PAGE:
Creating eBook Covers: Software

Software to Create Images and Covers

The image needs to be saved as a Jpeg, therefore it is easier to work in a program that can save as jpeg files.

  • Microsoft Paint
  • Microsoft PowerPoint
  • Adobe Photoshop Elements
  • Adobe Photoshop
  • GIMP (freeware)

There are many other programs, but you will already have Paint if your operating system is Windows.

You could already have PowerPoint as part of Microsoft Office. Like me, you could already have Adobe Photoshop Elements as part of another Adobe package. Adobe Photoshop is a more expensive option.

However, if you want a package that can do much more than required to alter or create images you can download GIMP, a free graphics program.

  1. Open your browser and type in
  2. This will take you to the download page on the GIMP site. Make sure you locate the Windows operating system version of the program.
  3. Click to download and follow the instructions.
  4. There is an online manual, and I recommend you take the time to read through, just to familiarise yourself with the different commands and abilities of the program.

You need to learn what each button in the tool box does. The best way is to read the help file for the program. Once you are familiar with the names, look for tutorials using each of the tools.

There are free tutorials on the web for Photoshop and GIMP. I have tried some Photoshop tutorials, then repeated the steps in GIMP. Some of the commands are named differently in GIMP but, once I located them, they work the same as for Photoshop.

To locate the tutorials, I did a Google search on “Photoshop tutorials for beginners”.

From there, I looked at the tutorials, and tried to follow the steps on my own photos or drawings to get the same or similar results.

The main thing I learnt was layers. Understand them. It is much easier to change any part of an image if you work in layers.

The Lasso Tool is useful to pick an object out of a photo and save to a new layer. The Magnetic Lasso Tool is found by right clicking on the arrow at the bottom right corner of the Lasso button.

Also learn how to alter clothing, cropping and resizing the images, setting transparent levels and how to lighten or darken the picture.

There was a steep learning curve for the advanced actions, many of which I will never use, but I am confident knowing I can achieve certain effects if needed by following the steps in the tutorials.

Once you have mastered the basics of altering images, you can search Google for more advanced free tutorials.

I purchased four editions of a magazine called Photoshop Projects. Each edition has over 20 projects with easy to follow steps. Each magazine came with a CD filled with images to help follow the tutorials. I gained confidence by practicing each of the projects.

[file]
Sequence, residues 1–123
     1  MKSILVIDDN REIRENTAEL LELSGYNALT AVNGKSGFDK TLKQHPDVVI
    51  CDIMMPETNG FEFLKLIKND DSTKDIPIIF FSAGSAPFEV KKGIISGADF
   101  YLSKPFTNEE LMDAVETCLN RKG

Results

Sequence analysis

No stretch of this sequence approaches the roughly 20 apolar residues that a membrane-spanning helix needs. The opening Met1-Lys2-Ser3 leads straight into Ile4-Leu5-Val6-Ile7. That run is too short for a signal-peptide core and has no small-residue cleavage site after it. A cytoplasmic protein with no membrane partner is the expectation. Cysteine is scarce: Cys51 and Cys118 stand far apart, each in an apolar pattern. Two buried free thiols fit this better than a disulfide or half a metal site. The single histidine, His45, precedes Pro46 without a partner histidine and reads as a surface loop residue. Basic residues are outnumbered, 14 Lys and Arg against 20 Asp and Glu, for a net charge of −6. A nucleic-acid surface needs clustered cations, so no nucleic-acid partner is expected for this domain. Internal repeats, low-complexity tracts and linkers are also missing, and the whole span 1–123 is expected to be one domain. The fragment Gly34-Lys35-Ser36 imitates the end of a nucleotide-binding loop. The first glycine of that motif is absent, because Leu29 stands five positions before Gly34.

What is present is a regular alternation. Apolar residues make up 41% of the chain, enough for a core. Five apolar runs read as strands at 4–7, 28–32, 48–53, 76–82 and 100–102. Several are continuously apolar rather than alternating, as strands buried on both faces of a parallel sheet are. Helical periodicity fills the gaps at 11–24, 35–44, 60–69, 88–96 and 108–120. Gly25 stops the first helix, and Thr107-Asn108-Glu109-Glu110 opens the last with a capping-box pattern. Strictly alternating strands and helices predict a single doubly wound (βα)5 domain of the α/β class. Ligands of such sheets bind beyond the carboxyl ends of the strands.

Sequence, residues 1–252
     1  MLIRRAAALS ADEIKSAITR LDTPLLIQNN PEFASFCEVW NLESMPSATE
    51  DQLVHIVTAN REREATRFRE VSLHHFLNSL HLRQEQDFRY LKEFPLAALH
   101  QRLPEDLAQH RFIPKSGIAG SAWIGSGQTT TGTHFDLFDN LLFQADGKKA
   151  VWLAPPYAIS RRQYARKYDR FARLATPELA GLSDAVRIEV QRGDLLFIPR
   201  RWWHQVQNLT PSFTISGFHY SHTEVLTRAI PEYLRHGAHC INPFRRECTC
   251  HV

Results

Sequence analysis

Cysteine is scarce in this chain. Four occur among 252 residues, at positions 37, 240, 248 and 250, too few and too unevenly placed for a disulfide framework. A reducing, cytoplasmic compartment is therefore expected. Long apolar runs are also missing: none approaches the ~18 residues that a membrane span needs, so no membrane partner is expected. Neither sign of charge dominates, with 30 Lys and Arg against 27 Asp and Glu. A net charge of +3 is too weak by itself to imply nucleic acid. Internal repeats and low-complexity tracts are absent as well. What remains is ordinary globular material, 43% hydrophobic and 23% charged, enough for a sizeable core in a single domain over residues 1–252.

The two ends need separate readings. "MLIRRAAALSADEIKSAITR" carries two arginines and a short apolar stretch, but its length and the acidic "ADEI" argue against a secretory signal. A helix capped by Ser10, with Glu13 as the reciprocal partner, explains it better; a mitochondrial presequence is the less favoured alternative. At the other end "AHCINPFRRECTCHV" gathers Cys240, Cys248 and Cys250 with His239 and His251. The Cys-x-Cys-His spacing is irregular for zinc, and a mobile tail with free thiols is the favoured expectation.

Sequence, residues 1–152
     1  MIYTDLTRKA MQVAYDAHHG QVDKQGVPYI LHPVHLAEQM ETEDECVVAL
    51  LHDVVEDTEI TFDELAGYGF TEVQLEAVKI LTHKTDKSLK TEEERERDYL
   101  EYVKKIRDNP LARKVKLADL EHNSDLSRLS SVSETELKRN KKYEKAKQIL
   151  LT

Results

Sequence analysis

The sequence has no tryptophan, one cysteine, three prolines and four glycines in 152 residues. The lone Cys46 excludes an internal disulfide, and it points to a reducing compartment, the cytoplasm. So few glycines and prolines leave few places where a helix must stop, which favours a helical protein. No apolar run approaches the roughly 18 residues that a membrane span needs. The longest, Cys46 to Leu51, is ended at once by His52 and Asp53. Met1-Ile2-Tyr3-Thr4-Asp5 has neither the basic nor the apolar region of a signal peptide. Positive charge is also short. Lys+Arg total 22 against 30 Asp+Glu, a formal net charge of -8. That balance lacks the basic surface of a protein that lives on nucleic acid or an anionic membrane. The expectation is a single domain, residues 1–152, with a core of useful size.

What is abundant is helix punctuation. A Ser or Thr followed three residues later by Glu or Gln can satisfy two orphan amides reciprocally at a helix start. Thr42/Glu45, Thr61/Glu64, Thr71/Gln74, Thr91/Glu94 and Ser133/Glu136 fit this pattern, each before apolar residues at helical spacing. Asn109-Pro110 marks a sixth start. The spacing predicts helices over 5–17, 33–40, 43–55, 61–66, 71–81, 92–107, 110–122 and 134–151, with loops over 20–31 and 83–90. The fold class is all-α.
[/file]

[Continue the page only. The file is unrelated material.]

However, if you try the free tutorials on the internet, they will be enough for you to get started.

Free Tutorial Sites

Photoshop / Photoshop Elements

Mashable Tech

Photoshop Magic for Newbies

Standout Blogger Graphics Software



The Basics

Beginner to to expert

Photo Manipulation Video Tutorials for GIMP

These links should be enough to get you started, or refresh your memory, until next week.

Part A: Introduction

Part B: Basics

Part D will cover Researching Genre

Part E will cover my examples

How far along are you in understanding all the different areas of eBook creation?

Any questions or suggestions appreciated.


6 comments so far

  1. Angela/Curiocat on

    Ooohh! Great information. With the class I’ve already taken, these tutorials should be a fun way for me to gain more confidence to take baby steps in designing my own covers.

    Maybe one day, I too will be able to design a good cover for a story I’ve written.

    Thanks, Diane.

    • D J Mills on

      I am working on altering Broken Faith cover to look more like the other two in the series. I will put it up for comments over the weekend or next week. Always room for me to improve, even if I don’t like the dark dark dark images the US cover creators are into at the moment. 🙂

  2. ekcarmel on

    The GIMP program looks really good. I’m grateful there’s freeware available for this sort of thing. I learned on CAD and CorelDraw for a job years ago and my skills are rusty. It’ll be nice to ease back in without shelling out a lot of money. And it’s fantastic there are tutorials available!

    • D J Mills on

      Yes, the tutorials are wonderful, easy to follow steps. Of course, I have to find the time to practice, and have not yet come close to watching and practicing all of them.

      I had (probably still have the 3.5 inch disks somewhere) CAD version 1.0. I also have Corel Painter. 🙂

  3. LisaM on

    Hi Diane,
    I’m following this series of posts with great interest!
    Lots of useful and helpful information here – I must get a few copies of Photoshop Projects – it would be a fun way to pass the time and get to understand the principles of image creation and manipulation.
    I downloaded ( which I’ve played with a little, and once I get to grips with the concept of layers, I know it’ll be a lot easier. 🙂

    • D J Mills on

      Thanks, Lisa. You will probably not agree with my conclusions in the summary article, which will be out Friday. But, in the meantime, I am working on improving the existing covers, based on my conclusions. 🙂

      I looked at your link and looks impressive. However, I talked myself out of downloading it just before I clicked the download link. 🙂 I decided I need to back up the hard drives before I add more software. I would hate to lose last week’s work. Also, better to continue to learn on Photoshop Elements and GIMP first. If I ever get them mastered, then I can play with

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